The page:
Tribal Mentality (Part 1), By Dominic Mancuso

“A single twig breaks, but the bundle of twigs is strong.” ~Tecumseh

vets-1The number one hardship I hear from my fellow Veterans (especially Combat Veterans), once they have had a few months to attempt reintegration into society, is their loss of camaraderie with those they will now spend their day to day their lives with… Unless they are working in a public servant field, there is no longer the threat of being put in life or death situations creating a deep-seeded bond to one another… In other words, in leaving the military they have lost their “tribe”…

It pleases me to say, and through a good amount of luck, I have been fortunate in my civilian life thus far: I have a roof over my head, I eat well (my post-military gut says maybe a bit too well), and have never been long without work… Most of my close Veteran family can say the same. Unfortunately, most psychologists and anthropologists would say that for most humans it is not enough to “survive” on for long, especially indefinitely. In order to achieve innate human fulfillment Abraham Maslow, an American Psychologist, built a theoretical pyramid with the base need being physiological and the top need being self actualization. With my Vet family and I having the food, shelter, and income relatively covered, we found that when we were by ourselves, surrounded by these civilians who are now in place of our comrades in arms, we were unable to achieve the top three tiers of Maslow’s pyramid of needs. We fall short of the 3rd tier, Love and Belonging, for a multitude of reasons but I honestly feel the biggest reason is our inability to connect with the average American civilian through the lack of shared experiences. Humans cannot achieve belonging and love if the people they are around are considered to not really be of their own (Military Veterans around Civilians).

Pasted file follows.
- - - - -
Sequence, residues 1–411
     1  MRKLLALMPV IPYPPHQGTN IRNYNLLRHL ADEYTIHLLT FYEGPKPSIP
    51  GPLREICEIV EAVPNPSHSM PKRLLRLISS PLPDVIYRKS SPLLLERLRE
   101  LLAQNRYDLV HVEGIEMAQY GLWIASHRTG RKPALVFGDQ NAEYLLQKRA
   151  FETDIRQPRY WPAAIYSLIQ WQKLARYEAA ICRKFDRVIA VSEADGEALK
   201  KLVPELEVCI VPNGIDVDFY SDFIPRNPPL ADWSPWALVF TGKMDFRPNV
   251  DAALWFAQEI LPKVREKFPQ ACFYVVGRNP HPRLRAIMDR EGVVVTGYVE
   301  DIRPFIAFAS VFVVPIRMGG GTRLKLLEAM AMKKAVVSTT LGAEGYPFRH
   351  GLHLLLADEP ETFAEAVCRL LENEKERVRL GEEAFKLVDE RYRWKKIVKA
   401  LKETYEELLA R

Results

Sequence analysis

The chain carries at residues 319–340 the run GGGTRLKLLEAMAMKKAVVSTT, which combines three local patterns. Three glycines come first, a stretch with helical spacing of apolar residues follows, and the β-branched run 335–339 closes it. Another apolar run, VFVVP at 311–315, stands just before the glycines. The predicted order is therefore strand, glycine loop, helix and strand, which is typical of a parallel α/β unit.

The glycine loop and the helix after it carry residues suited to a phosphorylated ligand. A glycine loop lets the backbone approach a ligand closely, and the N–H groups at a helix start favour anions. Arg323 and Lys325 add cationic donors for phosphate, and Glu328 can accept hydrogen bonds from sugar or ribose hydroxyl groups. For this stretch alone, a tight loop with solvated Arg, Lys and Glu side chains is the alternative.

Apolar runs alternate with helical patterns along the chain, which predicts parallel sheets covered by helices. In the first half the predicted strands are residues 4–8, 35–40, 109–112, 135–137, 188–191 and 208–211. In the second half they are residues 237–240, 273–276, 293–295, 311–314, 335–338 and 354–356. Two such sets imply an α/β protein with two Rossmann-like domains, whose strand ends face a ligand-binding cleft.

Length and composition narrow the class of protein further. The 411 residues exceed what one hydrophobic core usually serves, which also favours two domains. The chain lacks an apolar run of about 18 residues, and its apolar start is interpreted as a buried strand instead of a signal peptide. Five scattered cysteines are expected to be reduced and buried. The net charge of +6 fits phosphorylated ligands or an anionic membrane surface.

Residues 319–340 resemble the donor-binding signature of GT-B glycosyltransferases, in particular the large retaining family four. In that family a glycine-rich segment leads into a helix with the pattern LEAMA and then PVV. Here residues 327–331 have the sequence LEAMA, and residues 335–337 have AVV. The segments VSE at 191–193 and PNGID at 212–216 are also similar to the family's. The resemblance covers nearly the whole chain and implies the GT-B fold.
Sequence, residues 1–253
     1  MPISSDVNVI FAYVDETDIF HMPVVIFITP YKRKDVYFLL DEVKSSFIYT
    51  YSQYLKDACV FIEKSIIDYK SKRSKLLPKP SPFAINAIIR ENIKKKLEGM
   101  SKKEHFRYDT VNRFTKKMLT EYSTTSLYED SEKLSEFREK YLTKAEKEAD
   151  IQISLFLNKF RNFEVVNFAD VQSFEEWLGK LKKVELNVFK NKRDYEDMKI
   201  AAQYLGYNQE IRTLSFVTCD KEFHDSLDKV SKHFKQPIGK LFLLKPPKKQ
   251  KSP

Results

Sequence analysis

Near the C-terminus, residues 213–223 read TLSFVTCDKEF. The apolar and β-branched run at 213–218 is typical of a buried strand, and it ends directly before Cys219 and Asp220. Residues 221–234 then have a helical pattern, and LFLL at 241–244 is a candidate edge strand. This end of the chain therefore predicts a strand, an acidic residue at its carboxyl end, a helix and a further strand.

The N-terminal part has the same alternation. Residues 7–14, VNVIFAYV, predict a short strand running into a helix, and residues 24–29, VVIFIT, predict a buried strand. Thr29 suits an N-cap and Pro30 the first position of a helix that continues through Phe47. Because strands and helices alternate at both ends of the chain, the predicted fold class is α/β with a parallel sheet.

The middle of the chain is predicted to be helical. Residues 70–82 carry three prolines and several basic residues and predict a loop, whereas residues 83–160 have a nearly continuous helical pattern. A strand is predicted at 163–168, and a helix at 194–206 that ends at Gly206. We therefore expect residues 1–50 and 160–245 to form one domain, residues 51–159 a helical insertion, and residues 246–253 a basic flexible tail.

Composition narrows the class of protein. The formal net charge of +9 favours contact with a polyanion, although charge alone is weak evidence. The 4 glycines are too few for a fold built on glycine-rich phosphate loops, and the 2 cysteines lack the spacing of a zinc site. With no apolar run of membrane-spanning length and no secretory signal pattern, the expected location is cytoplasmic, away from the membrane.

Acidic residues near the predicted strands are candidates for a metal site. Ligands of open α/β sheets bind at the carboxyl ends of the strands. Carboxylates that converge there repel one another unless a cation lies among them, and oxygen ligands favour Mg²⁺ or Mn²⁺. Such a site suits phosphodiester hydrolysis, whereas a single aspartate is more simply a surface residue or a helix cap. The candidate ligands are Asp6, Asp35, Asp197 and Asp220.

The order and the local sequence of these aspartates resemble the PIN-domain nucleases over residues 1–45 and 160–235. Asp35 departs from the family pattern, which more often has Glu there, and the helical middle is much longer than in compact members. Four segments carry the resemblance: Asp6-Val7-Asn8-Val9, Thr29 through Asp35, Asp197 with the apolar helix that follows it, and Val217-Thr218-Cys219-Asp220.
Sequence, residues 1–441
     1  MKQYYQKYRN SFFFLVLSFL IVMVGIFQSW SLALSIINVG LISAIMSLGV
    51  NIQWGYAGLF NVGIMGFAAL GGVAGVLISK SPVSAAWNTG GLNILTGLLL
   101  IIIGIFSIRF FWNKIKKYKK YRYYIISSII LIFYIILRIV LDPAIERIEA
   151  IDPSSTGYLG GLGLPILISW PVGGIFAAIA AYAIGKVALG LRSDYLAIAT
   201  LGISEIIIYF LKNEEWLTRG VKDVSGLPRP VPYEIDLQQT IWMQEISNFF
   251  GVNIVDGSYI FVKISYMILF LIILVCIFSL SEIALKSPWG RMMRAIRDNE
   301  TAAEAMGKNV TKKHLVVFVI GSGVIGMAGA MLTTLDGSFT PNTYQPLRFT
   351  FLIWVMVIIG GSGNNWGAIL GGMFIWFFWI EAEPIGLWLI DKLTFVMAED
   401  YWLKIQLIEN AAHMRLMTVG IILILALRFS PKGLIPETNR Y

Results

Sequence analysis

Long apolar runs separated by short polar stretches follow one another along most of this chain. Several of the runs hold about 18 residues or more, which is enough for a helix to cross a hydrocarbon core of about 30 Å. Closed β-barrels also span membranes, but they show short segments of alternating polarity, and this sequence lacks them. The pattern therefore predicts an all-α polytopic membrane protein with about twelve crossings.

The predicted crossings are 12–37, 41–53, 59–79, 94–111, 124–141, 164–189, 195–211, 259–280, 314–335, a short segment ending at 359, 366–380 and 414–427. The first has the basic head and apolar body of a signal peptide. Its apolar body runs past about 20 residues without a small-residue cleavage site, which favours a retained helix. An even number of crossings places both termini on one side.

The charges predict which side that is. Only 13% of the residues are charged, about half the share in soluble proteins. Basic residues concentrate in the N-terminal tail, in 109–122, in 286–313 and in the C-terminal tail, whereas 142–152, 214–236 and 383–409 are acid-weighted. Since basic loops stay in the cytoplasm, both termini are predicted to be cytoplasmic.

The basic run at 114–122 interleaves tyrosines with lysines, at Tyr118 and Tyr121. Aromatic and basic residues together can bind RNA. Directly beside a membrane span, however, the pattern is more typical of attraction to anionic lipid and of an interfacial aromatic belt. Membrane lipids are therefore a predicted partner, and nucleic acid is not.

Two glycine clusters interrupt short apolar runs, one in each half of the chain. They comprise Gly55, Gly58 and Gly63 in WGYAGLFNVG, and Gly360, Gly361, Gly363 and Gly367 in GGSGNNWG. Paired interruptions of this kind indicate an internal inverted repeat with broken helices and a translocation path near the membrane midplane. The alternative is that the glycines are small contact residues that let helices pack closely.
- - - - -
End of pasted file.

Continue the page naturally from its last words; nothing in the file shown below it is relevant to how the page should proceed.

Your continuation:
One thing I find interesting about Warriors like us; and those who came before us; is our lack of empathy and often apathy toward the very citizens we swore to protect… We were once willing to give our lives for them; be maimed for life for them… But now many veterans look at most civilians with the upmost disgust (I am guilty of this often, though not to my pleasure). A lot of that I believe is because of how much we do not connect with them… How we do not consider them to really be apart of our “Tribe”… They were not there when me and my Platoon were tested to our physical and mental limits, they didn’t help treat the wounded, they didn’t help carry the dead bodies of my friends who not 10 seconds ago were alive and talking, they did not pull the trigger on another human being in a kill or be-killed melee… How could we connect with them… How can we connect with people who bitch and moan constantly about their civilian “problems” that we don’t even register on our radar!? It’s simple, if after as many attempts as the veteran is willing to make to connect with civilians fails, they should stop trying too and carry on without. To dwell on it can lead to self loathing a self destructive behavior. Instead, find a new Tribe to belong to.